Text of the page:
5. Trump's win would officially mean that University of Pennsylvania would become the fifth Ivy League school to have a president as a graduate of the school. Princeton, Columbia, Harvard, and Yale have all hosted presidents, meaning that over 50% of the Ivy League would have presidential graduates. It's worth noting that William Henry Harrison did attend Penn for medical school, but didn't complete his studies.
1. Tim Kaine will become the first Vice President to have ever served on a City Council. While other Vice Presidents (Spiro Agnew, Joe Biden) have served in county-level positions, he will become the first veep to ever be a city councilman.
2. Kaine will become the first person since the passage of the 17th amendment to be both a governor and a senator prior to being elected Vice President.
3. Tim Kaine will continue a long tradition of Democratic Vice Presidents being senators. Every Democratic vice president since 1945 (Henry Wallace) has been a sitting US Senator. It's worth noting that every presidential cycle has seen the Democratic convention nominate a senator since 1940 save one (1984, where Rep. Geraldine Ferraro was the nominee).
4. Tim Kaine's wife Anne Holton would become the first Second Lady to have kept her maiden name upon getting married. She is the daughter of former Republican Governor of Virginia Linwood Holton.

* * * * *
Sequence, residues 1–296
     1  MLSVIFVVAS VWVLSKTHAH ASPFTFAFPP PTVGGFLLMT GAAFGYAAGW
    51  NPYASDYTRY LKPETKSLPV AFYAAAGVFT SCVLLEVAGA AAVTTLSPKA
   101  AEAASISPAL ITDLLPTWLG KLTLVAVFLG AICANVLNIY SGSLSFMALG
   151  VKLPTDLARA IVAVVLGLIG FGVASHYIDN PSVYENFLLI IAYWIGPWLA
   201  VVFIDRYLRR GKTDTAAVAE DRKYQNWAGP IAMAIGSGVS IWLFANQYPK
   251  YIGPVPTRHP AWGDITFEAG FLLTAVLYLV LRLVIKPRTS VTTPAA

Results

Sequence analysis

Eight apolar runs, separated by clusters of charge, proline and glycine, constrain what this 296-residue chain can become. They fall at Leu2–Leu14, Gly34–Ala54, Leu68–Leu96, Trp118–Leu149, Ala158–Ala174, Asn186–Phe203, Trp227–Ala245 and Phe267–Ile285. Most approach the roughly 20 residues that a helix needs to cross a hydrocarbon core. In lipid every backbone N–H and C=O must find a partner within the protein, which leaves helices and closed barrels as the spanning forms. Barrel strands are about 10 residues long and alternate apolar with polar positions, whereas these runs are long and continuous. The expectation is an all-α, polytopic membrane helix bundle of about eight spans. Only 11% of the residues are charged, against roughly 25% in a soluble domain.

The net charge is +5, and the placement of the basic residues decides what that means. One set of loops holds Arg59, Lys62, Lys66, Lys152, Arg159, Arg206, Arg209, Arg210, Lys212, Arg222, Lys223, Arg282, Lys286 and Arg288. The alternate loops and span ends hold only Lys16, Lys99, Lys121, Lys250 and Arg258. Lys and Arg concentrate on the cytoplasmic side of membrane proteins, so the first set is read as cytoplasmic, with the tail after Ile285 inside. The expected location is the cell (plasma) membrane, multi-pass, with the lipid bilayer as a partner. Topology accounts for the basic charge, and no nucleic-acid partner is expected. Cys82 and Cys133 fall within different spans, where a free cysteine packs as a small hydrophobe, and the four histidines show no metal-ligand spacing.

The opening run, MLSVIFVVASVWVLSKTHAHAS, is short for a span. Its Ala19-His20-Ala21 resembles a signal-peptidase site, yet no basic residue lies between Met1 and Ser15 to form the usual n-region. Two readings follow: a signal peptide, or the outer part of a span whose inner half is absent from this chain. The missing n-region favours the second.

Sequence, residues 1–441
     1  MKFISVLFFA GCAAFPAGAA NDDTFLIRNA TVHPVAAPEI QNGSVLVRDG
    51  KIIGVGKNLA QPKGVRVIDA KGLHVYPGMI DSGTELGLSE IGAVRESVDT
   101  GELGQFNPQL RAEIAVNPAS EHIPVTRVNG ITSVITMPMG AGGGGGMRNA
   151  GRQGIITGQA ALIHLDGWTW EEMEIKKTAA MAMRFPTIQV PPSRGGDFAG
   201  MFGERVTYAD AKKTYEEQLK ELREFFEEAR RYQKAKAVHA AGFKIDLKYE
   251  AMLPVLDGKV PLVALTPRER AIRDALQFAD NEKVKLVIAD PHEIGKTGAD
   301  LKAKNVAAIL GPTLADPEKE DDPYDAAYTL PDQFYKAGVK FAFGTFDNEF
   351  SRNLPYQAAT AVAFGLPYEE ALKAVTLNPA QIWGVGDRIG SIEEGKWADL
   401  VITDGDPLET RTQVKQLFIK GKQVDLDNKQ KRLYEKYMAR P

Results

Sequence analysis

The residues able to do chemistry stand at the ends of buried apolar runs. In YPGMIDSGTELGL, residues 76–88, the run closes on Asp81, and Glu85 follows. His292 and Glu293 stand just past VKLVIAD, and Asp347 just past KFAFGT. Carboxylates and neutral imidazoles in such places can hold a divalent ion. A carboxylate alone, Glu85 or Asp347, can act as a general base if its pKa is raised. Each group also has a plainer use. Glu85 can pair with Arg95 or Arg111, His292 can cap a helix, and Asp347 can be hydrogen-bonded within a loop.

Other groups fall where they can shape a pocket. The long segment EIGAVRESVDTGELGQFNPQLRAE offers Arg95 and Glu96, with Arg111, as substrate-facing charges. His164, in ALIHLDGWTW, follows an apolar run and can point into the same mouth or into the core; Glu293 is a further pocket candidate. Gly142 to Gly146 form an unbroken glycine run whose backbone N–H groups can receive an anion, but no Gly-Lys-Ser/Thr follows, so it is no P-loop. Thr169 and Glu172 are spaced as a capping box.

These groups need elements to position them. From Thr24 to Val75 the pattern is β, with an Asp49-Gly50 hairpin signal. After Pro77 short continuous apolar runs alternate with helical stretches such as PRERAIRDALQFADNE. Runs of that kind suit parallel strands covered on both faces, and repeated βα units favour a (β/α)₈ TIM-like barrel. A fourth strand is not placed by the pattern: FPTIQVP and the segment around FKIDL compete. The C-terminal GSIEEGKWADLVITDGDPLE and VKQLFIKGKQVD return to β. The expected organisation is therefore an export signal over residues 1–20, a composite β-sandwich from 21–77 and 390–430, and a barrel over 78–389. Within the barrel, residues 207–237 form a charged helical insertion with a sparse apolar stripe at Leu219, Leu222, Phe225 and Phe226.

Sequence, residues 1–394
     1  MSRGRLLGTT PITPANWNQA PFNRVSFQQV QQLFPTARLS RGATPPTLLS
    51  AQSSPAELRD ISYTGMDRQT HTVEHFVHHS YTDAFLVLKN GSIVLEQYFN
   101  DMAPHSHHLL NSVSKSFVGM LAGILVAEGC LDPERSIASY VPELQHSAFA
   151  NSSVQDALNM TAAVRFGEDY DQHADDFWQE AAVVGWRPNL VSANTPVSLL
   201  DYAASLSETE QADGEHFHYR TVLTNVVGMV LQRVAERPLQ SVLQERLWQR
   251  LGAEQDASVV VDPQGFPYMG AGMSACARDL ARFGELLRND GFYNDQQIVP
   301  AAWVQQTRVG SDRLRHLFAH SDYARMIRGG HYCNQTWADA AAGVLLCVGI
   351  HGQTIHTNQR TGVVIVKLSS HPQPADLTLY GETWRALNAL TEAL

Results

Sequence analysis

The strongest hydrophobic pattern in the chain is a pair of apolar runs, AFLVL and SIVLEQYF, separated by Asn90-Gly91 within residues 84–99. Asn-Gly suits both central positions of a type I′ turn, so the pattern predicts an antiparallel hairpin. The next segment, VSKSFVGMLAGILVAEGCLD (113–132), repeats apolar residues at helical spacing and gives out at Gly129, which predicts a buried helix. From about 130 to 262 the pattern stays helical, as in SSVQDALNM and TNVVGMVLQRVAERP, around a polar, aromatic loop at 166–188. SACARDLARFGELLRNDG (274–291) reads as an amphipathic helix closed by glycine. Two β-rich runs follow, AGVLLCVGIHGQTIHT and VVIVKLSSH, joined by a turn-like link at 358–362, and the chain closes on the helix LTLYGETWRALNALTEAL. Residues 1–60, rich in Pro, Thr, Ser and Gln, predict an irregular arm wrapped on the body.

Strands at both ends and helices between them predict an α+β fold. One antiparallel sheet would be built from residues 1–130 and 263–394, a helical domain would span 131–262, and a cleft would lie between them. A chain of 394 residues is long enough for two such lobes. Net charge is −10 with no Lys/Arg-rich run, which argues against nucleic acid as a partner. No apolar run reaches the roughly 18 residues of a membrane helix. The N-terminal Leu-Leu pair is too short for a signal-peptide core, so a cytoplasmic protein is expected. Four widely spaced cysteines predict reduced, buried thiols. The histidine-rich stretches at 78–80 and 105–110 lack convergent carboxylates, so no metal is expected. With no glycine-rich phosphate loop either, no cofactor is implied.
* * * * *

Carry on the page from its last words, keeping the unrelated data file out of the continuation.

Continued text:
5. Anne Holton would become the fifth consecutive Second Lady to hold a Masters-level degree. Marilyn Quayle, like Holton, was an attorney, Tipper Gore has a Masters in Psychology, Lynne Cheney has a Master of Arts degree, and Jill Biden has a doctorate in Education. This also holds true if Karen Pence is elected, as she has a Masters in Education.
1. Pence will become the fourth consecutive Republican Vice President to have served in the United States House of Representatives, coming after George HW Bush, Dan Quayle, and Dick Cheney.
2. Indiana has a strangely long history of vice presidents, second only to New York-Pence would be the sixth vice president from the state, the most recent being Dan Quayle. It's worth noting that the only president who is from Indiana (Benjamin Harrison) never served as Vice President.
3. While his running mate has never lost an election, Mike Pence actually failed in his first two runs for Congress, only successfully winning in 2000.
4. Republicans playing the long count on number of vice presidents can breathe a sigh of relief if Pence wins. Currently there have been 20 different Republican vice presidents, and 18 different Democratic vice presidents (thanks in large part to the late 19th Century, when Republicans dominated the White House). The presidential numbers will still remain favoring the GOP, since it's currently 18-15 in that regard.
5. Mike Pence's wife Karen is 231 days older than him; should her husband be elected, Karen Pence will be the first Second Lady since Pat Nixon to be older than her husband. It's worth noting that Joe Biden's first wife Neilia was older than him, but died before he took office.